For several generations, the Church has used a kind of shorthand in referring to mortal sin, for example, “X is a mortal sin.” The problem is that this general statement is an oversimplification. In order for the individual committing a particular act to be guilty of a mortal sin, three conditions are necessary: grave matter (the act must be intrinsically evil), full knowledge, and deliberate consent (CCC 1857).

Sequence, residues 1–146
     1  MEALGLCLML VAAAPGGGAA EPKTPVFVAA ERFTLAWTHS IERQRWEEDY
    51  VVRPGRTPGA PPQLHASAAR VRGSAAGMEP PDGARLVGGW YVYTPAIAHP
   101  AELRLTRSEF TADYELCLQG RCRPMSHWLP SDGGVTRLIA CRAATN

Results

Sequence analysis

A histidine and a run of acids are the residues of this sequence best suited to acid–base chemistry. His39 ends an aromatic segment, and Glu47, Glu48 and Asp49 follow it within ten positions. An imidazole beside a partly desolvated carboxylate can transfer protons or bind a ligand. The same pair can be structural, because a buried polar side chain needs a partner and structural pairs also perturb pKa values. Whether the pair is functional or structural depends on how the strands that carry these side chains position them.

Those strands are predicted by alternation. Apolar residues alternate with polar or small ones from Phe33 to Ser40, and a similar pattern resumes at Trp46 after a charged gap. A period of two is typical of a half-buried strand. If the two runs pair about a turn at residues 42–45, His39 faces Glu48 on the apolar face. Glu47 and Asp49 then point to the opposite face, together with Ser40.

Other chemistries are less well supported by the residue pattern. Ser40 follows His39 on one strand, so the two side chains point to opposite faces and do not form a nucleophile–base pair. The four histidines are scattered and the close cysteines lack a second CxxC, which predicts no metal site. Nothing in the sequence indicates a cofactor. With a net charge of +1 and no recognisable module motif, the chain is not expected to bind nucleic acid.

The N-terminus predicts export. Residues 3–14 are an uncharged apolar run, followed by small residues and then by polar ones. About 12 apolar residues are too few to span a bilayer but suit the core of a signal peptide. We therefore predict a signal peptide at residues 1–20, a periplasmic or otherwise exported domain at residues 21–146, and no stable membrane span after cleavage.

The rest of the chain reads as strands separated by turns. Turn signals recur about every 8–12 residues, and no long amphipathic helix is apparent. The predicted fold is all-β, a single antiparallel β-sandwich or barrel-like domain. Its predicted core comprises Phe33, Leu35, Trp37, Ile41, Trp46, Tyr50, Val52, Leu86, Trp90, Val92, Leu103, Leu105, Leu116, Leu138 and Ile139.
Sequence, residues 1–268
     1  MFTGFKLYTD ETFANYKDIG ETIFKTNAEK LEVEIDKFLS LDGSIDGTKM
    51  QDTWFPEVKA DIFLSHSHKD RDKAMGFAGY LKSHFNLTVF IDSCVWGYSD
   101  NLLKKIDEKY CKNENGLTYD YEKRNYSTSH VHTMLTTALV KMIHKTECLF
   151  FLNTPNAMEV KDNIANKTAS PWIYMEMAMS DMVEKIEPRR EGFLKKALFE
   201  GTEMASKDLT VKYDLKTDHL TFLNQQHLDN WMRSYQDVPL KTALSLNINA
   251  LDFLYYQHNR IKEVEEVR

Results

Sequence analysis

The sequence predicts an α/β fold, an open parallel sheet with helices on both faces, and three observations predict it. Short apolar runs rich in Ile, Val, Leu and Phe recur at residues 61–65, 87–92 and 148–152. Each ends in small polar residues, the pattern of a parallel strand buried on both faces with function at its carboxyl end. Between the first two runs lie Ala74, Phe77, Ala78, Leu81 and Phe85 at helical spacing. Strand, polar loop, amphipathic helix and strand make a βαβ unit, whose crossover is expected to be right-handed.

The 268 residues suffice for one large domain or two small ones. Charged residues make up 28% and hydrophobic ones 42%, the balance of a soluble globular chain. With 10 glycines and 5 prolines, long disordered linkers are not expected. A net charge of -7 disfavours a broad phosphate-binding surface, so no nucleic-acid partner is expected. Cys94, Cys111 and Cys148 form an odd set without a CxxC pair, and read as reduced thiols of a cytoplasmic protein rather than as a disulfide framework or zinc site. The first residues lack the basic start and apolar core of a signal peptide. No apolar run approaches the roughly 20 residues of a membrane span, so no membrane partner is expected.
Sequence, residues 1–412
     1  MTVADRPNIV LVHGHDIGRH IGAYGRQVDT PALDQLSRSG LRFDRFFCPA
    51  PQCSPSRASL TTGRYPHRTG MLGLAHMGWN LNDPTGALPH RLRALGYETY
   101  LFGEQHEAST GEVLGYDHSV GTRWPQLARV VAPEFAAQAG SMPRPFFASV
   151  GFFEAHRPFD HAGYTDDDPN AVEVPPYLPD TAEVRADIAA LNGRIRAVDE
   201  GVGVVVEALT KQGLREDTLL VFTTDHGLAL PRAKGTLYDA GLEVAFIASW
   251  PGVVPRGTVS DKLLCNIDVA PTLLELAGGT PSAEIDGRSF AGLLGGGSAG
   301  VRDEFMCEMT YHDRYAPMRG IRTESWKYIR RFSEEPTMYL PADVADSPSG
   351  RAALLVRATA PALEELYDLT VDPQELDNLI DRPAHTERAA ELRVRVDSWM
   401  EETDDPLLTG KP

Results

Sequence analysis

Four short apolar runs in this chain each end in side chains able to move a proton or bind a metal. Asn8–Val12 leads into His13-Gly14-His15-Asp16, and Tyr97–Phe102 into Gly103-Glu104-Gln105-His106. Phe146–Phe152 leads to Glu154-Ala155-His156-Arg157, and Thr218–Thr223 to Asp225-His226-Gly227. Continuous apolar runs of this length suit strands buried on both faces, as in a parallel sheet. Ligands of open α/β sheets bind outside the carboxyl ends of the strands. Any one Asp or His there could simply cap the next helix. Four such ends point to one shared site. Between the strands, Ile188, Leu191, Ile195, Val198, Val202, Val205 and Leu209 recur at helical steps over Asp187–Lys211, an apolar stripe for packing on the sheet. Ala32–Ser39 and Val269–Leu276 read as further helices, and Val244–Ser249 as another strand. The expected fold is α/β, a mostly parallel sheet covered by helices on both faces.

The phrase “X is a mortal sin” gets tossed around on here with abandon. I observe two main discussions on the subject of mortal sin:
Armchair moralists declaring everything bad to be a mortal sin, out of hand, without knowledge of the circumstances or intention of an act (since moral acts are comprised of these things in addition to the “object” of the act)
People trying to find loopholes–if it’s a sin, but not a mortal sin, well, who cares, right?
Monsignor Pope very clearly and concisely puts to rest both forms of the discussion, neither of which is very helpful. All sin is bad. Not all sin is mortal.